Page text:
Your Customer Called and She is Frustrated
Calls from angry customers are absolutely the worst. I get it – you want to ignore them and crawl under your desk. However, if you take some deep breaths and follow these guidelines, you may find that while it’s painful to go through in the moment, handling a customer problem well can actually make your relationship even stronger. So, take a deep breath and, as my old boss used to say, “Put on your Kevlar underwear.” We can handle this.
1. Get the Poison Out
Early in my career, a partner at my firm was speaking on a panel and got a question about handling angry customers. She told us, “When your customer is upset, before you can really address the problem, you need to get the poison out.”
She described a customer conversation like this:
You: I understand you’re really frustrated. I’ve gotten some background from my team, but I want to hear it in your words.
Customer: [Angry tirade, angry tirade, angry tirade.]
You: Ok. Yes, I understand. I would be very frustrated in your shoes. I have some ideas about how we can address that. What else is bothering you about the situation?
Customer: [More angry points, more angry points.]
You: Oh, yes. I understand. I want to address that too. (Make some notes.) Is there anything else?
Customer: Now that you ask, there is something that’s still irritating me from last week….
You: Ah, I see. Yes, ok. (More notes). What else?
And so on until they can’t think of anything else that is bothering them about the current situation or anything about the partnership between their company and yours. When you get to that point, the poison is out. Now you can start healing.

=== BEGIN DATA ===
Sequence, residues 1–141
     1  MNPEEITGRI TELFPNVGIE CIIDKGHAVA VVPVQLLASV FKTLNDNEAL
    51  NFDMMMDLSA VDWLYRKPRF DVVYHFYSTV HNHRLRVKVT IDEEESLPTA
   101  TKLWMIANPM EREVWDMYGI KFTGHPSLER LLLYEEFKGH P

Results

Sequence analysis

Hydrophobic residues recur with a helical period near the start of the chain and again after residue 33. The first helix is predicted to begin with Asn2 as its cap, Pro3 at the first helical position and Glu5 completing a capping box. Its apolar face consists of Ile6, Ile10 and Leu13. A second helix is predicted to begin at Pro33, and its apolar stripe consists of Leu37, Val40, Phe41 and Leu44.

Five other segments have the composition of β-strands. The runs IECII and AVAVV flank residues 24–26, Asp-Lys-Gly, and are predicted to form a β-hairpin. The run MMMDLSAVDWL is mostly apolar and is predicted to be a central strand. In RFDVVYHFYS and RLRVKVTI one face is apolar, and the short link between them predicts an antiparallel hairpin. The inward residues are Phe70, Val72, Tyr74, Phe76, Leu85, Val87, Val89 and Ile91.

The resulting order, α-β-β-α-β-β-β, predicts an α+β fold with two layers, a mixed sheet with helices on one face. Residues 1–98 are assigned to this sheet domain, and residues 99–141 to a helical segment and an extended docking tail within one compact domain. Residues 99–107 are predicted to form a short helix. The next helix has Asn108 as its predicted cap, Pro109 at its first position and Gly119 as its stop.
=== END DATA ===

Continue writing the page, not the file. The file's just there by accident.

2. Freak Out So Your Customer Doesn’t Have To
This is one of my favorite “shorthand” phrases to describe the posture I take and want my team to take when we’re handling a customer crisis. I’ve had people argue with me on this – they declare, “You need to stay calm in a crisis!” But this phrase was born for just those people. Because in a crisis, a true DEFCON 1 crisis, someone is going to be freaking out. If it’s not you, you’re leaving a freak-out vacuum that will be filled by your customer, and believe me, you do not want that.
But let’s get on the same page about how to freak out as a competent executive. I do not mean you run around like a chicken with your head cut off, yelling at your team, trying one thing after another. But you should take the posture that the situation is not normal and not acceptable. This is your honor on the line, after all, and your customer’s business. You should be freaking out! You could say to your customer, very calmly, “I, also, am very upset about this situation. You and your business deserve for this solution to be working. You have my commitment that we will work aggressively to solve this until you are completely satisfied.”
If you do not demonstrate that you understand and you are taking it VERY seriously, then your customer will be forced to amp up their reaction until they feel like you get it. If instead you proactively claim that ground and you are the one reacting strongly, and (of course) effectively, you will be surprised at just how reasonable your customer can be. You are freaking out so your customer doesn’t have to.
One good way to freak out competently is to over-communicate. When something goes wrong, the level of trust between you and your customer is going to go down. You will have to hustle to get that trust back.
What I’ve seen happen is that your team lead may get into a zone of problem solving and not want to surface until he has good news. This is torture to your customer. It must be someone’s job to regularly communicate status updates to the customer, and it doesn’t matter what that status is! They just need to know before they ask.